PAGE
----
Q: How many teachers would be interested in taking on a role in a green school program?
Ultimately, your school’s approach to sustainability will be affected by management and staff “buy-in.” Programs can start with particular issues that concern you and other like-minded colleagues and members of your school’s wider community. Work with what you already have and make it grow.
Q: Does the school need professional development, teacher training, and support?
Your teachers must be supported to deliver this if you are to facilitate your students’ learning of sustainability concepts and practices. Not only will they need support with topics and content, but also with the dynamic skills they will need to teach sustainability and foster leadership. Green school programs can offer teacher training resources, from guidance materials to direct training.
Q: Would the green program be run during class time or as an extra-curricular activity?
It’s worth deciding what it is you want from a sustainability program. It might be that you are looking to make an annual commitment to introducing sustainability into your school. This could be done by incorporating sustainability curriculum or introducing extracurricular programs such as community gardens projects. A paper by Elizabeth A.C Rushton at Kings College acknowledges that teaching Education for Sustainable Development (ESD) in schools can be hampered by time constraints, staffing limits, and accountability pressures. The paper cites the benefits of extra-curricular and non-curricular sustainability activities. It demonstrates how they can provide “a disciplinary bridge” and help with “developing links across communities and allowing creativity in teaching and learning.”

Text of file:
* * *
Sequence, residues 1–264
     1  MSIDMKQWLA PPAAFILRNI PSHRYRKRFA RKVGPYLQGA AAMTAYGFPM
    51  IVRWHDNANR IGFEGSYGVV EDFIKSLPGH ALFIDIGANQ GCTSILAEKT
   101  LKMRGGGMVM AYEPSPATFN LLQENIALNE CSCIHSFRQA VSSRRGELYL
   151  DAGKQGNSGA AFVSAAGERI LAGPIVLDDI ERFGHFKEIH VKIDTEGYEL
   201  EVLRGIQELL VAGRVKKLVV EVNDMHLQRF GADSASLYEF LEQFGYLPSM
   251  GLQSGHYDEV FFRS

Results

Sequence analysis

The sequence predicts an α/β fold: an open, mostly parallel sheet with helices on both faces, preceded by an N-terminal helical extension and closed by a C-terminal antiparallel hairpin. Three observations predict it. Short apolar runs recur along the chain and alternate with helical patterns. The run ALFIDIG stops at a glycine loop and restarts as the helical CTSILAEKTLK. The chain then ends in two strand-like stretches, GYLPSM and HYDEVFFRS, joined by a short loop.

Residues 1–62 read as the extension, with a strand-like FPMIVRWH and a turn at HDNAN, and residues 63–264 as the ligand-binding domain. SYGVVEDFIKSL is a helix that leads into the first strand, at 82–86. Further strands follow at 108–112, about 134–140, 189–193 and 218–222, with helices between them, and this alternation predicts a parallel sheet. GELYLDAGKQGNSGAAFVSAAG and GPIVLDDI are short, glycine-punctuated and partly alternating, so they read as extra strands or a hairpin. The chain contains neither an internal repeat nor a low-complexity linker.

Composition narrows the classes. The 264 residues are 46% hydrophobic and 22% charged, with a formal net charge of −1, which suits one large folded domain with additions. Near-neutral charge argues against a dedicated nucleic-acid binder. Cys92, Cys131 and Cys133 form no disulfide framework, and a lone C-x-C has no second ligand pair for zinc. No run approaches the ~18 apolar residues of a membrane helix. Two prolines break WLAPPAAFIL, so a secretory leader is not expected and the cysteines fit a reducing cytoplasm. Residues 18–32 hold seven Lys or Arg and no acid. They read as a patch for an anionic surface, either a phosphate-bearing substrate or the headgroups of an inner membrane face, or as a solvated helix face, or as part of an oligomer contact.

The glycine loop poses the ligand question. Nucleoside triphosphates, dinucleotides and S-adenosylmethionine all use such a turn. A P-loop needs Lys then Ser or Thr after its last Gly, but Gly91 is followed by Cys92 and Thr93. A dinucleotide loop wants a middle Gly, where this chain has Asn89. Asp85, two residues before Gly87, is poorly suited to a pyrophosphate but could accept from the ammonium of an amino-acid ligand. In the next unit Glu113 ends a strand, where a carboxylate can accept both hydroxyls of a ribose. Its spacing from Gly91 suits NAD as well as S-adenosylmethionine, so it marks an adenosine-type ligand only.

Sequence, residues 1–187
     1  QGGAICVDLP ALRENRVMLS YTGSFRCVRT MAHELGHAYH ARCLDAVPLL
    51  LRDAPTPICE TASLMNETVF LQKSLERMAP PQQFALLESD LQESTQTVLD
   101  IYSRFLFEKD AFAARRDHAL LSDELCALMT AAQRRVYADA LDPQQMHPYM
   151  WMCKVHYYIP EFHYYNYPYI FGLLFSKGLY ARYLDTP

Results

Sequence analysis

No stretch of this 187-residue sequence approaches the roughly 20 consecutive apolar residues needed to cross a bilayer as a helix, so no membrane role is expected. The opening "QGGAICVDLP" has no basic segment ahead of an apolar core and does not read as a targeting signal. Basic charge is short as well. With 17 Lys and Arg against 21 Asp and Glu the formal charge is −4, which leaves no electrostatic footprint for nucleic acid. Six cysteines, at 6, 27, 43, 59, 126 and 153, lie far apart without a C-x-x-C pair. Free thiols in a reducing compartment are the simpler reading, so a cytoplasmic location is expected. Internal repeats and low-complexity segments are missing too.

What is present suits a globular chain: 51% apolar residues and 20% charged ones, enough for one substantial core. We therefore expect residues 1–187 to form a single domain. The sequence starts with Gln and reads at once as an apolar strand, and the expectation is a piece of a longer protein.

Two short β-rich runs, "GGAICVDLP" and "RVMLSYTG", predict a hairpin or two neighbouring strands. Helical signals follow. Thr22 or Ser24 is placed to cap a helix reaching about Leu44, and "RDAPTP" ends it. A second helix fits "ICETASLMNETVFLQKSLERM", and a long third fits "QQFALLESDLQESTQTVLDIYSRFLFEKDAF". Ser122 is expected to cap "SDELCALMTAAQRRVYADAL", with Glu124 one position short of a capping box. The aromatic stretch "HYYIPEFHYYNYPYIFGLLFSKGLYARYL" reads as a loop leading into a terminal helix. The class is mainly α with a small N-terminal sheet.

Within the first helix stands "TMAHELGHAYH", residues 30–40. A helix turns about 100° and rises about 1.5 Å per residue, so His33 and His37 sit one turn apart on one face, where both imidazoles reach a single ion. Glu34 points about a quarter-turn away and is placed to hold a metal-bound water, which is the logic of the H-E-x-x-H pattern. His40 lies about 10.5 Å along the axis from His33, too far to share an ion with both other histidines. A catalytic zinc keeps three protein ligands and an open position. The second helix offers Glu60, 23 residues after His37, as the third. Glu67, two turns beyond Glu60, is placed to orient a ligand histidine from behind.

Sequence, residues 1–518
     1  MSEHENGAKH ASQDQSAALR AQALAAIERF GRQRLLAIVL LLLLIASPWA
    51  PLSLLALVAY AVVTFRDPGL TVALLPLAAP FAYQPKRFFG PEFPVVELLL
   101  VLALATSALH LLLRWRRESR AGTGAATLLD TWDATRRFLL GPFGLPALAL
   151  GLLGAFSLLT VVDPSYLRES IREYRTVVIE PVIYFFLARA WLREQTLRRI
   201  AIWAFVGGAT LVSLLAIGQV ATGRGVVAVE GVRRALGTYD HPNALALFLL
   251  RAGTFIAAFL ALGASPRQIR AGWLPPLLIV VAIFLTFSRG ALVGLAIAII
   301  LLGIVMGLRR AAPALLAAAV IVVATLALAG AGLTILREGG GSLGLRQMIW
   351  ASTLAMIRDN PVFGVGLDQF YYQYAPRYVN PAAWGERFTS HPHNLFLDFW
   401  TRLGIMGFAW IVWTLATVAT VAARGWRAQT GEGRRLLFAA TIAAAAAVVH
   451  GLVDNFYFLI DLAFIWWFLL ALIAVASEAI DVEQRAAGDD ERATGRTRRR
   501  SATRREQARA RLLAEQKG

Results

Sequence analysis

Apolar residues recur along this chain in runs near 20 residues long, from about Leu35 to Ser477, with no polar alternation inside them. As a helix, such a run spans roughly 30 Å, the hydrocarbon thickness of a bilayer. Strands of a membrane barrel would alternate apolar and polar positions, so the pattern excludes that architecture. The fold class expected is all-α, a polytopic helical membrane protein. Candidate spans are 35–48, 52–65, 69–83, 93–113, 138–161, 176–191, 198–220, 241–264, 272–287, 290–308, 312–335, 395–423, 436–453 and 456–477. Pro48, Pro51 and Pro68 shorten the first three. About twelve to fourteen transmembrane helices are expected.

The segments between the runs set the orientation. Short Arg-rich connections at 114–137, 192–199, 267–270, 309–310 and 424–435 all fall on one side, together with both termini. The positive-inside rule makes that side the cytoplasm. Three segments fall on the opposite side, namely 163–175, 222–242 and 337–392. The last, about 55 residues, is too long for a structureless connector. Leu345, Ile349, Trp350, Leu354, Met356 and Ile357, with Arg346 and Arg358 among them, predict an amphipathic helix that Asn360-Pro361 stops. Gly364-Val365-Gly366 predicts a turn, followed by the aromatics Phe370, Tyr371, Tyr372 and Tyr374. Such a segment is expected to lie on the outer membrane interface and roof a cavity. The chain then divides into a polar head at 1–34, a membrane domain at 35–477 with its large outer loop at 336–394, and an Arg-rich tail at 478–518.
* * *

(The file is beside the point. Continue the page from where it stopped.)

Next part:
Q: Would you prefer the program to be teacher-led or student-led?
There is a very high degree of flexibility in the green programs available for your school. Some are predominantly teacher-led, others encourage students to take the lead, and many offer a mixed approach, with a balance of teacher leadership and a focus on empowering students’ independent initiatives. Centering students at the heart of building sustainability programs are common to the numerous green programs that are available for schools.
Q: Is there a specific aspect of sustainability you wish your school to focus on, or would you like a broader overview?
For example, organizations like Ecorise are helping develop an academic sustainability curriculum introducing students to “environmental literacy, social innovation, and hands-on design skills.” They help improve STEM education by linking scientific and mathematical concepts with “sustainability challenges relevant to their school and community.” They also help promote sustainable living practices and can nurture leadership around sustainability.
Q: What age groups and categories in sustainability would you like to include?
There are programs for all age groups starting from Kindergarten onwards. And there are programs that address specific environmental issues. It is advisable to sit down and discuss the topics that interest your school and staff limitations for different age groups.
Q: If you belong to an international network of schools, does the program you like offer multilingual support?
There are global and local programs. If you belong to a portfolio of schools you can decide whether to allow each school to pick the most appropriate program for themselves or join a global program so that the whole group follows the same path.
These questions are a starting point for a discussion on finding the right green program for your school. The more buy-in you can get, the better you will be able to add sustainability programs into your school successfully. While it is very difficult to start a large, new program, the range of green programs available is broad, with a variety of options than can be customized to suit school specific time and resources.